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Another Integral *July 25, 2009*

*Posted by Dennis in Problem-solving.*

Tags: Integral, Putnam

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Tags: Integral, Putnam

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This is a problem from the Putnam competition I saw two years ago as a freshman, and I did it during my stats class this year. It uses symmetry in a similar way to Akhil’s post.

Find .

Let , then

and

Also, we have the identity

So

The differentiating-under-the-integral-sign solution here is also quite nice: let . Then

and after a routine computation with partial fractions one finds

hence, rather miraculously after integrating and simplifying,

The tangent substitution is the first official solution. The second official solution uses the substitution instead, which is closely related. The solution I just described is the third official solution, and the fourth is a fairly tedious but non-“magical” solution using series expansion.

Two very clever solutions.

The Wikipedia page on differentiation under the integral sign has a few more examples. As far as I know, however, it isn’t a “standard” trick as normally one uses a contour integral.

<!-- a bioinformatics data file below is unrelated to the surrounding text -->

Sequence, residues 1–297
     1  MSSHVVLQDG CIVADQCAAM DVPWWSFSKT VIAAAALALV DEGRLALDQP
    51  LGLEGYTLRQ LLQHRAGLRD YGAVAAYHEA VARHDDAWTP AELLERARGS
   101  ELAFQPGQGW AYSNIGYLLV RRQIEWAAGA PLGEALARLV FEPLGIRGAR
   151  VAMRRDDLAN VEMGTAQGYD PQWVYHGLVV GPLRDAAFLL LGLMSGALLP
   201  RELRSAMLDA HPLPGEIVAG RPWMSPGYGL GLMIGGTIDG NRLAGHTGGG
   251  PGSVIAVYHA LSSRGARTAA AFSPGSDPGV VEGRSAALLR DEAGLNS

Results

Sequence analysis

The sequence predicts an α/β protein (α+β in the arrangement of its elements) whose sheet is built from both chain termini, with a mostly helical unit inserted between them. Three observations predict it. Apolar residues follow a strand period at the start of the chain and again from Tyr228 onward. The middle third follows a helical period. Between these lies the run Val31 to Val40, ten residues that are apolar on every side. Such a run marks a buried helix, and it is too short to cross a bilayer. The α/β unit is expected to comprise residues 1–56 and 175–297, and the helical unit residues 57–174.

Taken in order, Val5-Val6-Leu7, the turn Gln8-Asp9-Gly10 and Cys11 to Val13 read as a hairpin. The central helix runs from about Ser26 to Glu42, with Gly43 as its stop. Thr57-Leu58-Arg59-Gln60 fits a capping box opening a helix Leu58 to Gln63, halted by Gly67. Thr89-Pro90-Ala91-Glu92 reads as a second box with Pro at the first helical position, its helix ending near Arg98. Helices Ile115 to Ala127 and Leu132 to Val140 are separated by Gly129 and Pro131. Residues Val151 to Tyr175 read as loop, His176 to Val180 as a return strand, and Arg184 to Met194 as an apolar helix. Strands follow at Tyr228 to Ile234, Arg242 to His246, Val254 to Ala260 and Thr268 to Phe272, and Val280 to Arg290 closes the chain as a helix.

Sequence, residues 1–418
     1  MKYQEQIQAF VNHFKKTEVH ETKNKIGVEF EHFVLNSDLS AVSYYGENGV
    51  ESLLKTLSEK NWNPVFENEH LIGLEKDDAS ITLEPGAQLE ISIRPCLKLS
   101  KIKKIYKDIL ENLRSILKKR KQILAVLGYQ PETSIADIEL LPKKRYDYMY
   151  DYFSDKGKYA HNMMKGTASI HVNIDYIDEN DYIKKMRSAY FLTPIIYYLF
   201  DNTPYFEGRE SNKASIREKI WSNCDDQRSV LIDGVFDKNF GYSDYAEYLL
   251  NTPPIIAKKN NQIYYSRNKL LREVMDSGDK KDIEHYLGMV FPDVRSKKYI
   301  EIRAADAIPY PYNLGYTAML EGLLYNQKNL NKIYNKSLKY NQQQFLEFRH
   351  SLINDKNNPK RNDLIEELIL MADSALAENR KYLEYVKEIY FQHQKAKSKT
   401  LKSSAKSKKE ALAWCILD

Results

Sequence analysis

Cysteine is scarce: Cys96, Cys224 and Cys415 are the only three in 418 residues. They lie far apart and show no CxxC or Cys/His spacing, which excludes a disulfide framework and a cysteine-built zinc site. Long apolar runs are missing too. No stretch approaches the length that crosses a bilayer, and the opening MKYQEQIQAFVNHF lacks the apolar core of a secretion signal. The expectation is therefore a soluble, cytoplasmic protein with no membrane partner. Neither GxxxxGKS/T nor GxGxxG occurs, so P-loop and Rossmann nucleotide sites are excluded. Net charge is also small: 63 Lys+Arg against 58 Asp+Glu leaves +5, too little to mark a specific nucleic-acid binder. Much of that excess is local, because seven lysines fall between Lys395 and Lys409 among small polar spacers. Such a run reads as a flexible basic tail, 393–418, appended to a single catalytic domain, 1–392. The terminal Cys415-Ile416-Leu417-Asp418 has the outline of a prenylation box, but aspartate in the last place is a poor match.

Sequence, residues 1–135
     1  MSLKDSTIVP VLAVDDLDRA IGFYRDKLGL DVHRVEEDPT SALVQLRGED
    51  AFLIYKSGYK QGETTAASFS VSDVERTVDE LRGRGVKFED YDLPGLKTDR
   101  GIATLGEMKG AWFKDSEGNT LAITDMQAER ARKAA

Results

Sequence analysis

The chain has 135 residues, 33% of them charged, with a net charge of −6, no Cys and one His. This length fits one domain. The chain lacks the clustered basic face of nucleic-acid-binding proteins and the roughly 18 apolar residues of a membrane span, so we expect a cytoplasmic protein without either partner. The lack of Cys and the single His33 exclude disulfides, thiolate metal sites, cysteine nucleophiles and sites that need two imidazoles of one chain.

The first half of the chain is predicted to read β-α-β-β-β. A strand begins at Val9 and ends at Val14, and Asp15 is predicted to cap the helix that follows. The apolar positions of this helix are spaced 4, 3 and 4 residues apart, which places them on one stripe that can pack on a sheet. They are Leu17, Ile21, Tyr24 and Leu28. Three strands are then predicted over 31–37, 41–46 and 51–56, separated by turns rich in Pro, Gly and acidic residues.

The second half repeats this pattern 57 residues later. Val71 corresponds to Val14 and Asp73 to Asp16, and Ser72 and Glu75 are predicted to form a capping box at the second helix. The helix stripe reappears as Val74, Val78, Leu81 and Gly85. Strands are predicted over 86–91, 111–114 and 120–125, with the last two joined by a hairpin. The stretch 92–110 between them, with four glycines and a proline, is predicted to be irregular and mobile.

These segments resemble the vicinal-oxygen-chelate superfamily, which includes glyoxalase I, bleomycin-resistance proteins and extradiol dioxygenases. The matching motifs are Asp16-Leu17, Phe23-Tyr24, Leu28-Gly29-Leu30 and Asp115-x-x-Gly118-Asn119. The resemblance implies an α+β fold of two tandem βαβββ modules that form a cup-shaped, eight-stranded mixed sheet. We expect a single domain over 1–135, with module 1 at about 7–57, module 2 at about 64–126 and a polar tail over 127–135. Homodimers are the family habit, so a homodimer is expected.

a small typo here:

it’s ‘‘，instead of

[...] 其二是 .首先令,则 [...]

liuxiaochuan,

Thanks for catching that, I fixed it.

How “standard” differentiation under the integral is depends on who you ask. As Qiaochu has said, Doron Zeilberger has made something of a theory of it (reference); it is connected with the method of “creative telescoping” which is used in Wilf-Zeilberger algorithms for evaluating hypergeometric sums.

I guess you could say that this method is not standard or fashionable in textbooks currently. I think it should be more widely known.

Yes, that’s more or less what I meant to say; I am not aware of its being widely taught (though I am basing this claim on independent reading of textbooks, which I assume reflect the contents in the corresponding courses), even though it’s useful, as we discussed.